In the instance of producing a syngas for power production, the target syngas will be: hydrogen, about 5-10%; carbon monoxide, about 60%; carbon dioxide, about 10-15%; and methane, about 15-20%. The system operating parameters will be: transport steam, about 900°-1000° F. (though it may be preferable to utilize carbon dioxide alone or in addition to steam—the selection is dependent upon the quality of the biomass feed and the need to reduce char); the biomass utilized is more optional in that various woods, rice hulls and bagasse are among possible fuels. The ambient temperature, grain size, moisture are similar to that for methanol, and basically determined by the feedability of the biomass. The feed rates call for less steam, about 0.5 to 1 of biomass, in pounds though for carbon dioxide the feed rate may be up to 1.25 to 1. The exit gas temperature from the biomass gasifier will be about 1500° F. and the output may be directly usable as the feed fuel for the boiler, eliminating any need for a secondary reactor for further refinement of the syngas. Contact time in the biomass gasifier are characteristically lower if a secondary reactor is utilized since some of the gas transformation may be preferably accomplished in the secondary reactor. In the instances of some syngas production, as for a fuel feed to a power plant, the syngas may not require the secondary refinement, in which case the contact time in the gasifier will be expected to be somewhat longer. Times for production of particular product gases from secondary reactors are related to the process employed to convert a syngas to the final product, and the dwell dime in the vessel may well be several times the time that for the syngas production in the illustrated invention.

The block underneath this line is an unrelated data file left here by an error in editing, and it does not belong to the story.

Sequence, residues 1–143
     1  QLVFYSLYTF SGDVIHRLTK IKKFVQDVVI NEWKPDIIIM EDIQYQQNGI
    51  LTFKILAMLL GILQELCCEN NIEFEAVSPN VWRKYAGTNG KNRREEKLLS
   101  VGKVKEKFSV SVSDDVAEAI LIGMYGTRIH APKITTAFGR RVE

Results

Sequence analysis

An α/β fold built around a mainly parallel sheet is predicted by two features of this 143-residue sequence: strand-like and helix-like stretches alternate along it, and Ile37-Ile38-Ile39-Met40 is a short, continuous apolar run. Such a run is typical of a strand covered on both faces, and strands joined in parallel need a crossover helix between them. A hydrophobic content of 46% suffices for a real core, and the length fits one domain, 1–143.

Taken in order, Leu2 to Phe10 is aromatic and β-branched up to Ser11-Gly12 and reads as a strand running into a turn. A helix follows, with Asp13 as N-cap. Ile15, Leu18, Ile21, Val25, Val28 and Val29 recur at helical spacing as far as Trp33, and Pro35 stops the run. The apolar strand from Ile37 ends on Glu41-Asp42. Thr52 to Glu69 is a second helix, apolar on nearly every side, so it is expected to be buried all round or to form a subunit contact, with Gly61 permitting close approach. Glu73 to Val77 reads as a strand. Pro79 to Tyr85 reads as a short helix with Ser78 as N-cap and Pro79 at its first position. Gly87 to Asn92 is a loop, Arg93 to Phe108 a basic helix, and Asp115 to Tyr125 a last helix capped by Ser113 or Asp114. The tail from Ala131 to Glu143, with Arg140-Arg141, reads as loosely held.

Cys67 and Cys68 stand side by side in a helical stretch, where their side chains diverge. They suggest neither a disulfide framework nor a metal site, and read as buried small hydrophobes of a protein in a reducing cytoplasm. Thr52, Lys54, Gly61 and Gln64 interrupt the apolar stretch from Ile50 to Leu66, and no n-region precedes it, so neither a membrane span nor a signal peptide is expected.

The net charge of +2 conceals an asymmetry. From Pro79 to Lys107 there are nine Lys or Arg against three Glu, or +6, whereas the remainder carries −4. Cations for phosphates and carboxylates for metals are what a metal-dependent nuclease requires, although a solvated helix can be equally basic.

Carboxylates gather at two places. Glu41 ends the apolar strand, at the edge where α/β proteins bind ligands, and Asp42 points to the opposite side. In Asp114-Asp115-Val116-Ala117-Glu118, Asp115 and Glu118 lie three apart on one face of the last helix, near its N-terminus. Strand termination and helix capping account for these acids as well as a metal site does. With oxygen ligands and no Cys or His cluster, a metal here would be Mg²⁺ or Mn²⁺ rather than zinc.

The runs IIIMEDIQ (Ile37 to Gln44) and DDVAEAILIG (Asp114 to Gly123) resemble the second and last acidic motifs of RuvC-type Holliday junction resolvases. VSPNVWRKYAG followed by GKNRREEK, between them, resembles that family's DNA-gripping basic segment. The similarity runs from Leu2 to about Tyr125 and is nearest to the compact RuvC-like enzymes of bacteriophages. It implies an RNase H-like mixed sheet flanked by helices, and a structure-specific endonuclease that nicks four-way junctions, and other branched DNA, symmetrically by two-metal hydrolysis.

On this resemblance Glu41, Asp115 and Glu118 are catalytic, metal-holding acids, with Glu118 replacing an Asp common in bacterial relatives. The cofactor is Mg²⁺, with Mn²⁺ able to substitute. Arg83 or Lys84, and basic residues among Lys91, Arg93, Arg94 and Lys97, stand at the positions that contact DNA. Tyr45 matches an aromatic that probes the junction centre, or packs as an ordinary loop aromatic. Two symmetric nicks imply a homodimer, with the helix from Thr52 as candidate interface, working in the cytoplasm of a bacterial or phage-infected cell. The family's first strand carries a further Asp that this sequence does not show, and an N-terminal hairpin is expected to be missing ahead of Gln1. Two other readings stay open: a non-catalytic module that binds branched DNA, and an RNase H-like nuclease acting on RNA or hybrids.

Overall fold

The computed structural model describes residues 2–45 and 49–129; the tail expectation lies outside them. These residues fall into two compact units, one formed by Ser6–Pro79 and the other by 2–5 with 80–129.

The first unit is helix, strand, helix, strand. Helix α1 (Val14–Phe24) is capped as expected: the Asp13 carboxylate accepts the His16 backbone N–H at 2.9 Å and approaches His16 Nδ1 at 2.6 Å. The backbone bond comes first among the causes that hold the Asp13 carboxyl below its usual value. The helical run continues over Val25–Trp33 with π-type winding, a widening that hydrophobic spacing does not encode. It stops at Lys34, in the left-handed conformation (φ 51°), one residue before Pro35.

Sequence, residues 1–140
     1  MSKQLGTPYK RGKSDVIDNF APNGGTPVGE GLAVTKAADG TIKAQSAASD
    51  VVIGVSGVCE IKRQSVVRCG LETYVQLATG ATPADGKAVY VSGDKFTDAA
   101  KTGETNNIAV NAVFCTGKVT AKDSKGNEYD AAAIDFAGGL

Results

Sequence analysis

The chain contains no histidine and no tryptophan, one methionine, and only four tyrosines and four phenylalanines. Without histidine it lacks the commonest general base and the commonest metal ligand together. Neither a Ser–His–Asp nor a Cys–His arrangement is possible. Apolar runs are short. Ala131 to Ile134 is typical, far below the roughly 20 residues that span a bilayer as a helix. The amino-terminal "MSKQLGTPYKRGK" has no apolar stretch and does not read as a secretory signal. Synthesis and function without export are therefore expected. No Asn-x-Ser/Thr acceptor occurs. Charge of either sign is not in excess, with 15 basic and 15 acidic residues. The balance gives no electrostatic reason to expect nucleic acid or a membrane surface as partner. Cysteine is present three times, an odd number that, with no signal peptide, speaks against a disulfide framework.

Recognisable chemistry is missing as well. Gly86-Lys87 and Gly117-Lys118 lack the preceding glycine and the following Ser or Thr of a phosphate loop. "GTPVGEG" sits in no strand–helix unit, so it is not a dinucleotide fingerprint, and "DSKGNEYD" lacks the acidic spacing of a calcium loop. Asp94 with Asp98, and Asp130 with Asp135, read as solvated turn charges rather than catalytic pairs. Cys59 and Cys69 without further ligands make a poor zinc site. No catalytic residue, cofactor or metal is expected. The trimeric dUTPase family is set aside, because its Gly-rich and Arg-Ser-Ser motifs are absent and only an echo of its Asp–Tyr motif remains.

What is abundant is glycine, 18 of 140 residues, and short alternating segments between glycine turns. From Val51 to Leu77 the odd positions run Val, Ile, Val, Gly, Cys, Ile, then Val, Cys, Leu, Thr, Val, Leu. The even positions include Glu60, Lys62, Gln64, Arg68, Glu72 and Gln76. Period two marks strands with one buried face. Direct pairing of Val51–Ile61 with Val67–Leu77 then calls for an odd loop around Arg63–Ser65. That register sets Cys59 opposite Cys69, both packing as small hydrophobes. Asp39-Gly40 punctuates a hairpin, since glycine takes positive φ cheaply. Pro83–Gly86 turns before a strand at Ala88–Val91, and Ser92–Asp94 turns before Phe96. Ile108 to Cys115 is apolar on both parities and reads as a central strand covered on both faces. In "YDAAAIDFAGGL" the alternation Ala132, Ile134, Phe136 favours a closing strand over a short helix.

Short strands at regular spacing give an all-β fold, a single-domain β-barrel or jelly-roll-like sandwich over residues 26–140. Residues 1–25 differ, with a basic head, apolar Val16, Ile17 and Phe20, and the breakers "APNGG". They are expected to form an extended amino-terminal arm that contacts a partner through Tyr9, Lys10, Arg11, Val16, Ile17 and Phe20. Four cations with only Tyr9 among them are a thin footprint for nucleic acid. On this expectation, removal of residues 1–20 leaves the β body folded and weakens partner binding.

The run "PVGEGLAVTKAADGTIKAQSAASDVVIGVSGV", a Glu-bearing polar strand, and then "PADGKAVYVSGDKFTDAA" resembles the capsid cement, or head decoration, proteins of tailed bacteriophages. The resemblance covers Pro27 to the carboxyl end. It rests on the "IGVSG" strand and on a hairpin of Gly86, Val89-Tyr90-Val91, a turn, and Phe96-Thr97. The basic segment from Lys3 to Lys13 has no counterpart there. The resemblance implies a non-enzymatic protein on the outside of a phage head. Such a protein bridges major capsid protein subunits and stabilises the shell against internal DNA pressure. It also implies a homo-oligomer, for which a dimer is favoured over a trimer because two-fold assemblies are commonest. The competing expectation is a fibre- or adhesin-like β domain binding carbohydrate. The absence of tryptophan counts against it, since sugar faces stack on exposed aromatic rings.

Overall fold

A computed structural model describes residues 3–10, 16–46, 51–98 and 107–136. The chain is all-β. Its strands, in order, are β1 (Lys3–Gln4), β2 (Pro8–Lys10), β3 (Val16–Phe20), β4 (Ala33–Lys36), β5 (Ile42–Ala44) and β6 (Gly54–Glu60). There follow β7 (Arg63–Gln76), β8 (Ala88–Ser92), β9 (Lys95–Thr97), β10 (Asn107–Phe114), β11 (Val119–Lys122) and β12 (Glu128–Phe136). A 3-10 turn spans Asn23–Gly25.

It should be further recognized by those skilled in the art that gasifier reactors according to the presently described invention may be utilized in varying sizes to meet local needs relating to availability of biomass feed and output gas, particularly where the inventive gasifier might feed industrial plant needs for steam or electricity.
The disclosed embodiments are to be considered in all respects as illustrative and not restrictive. The scope of the invention is to be defined by the appended claims rather than the foregoing descriptions. Other embodiments which come into the meaning and range of equivalency of the claims are therefore intended to be included within the scope thereof.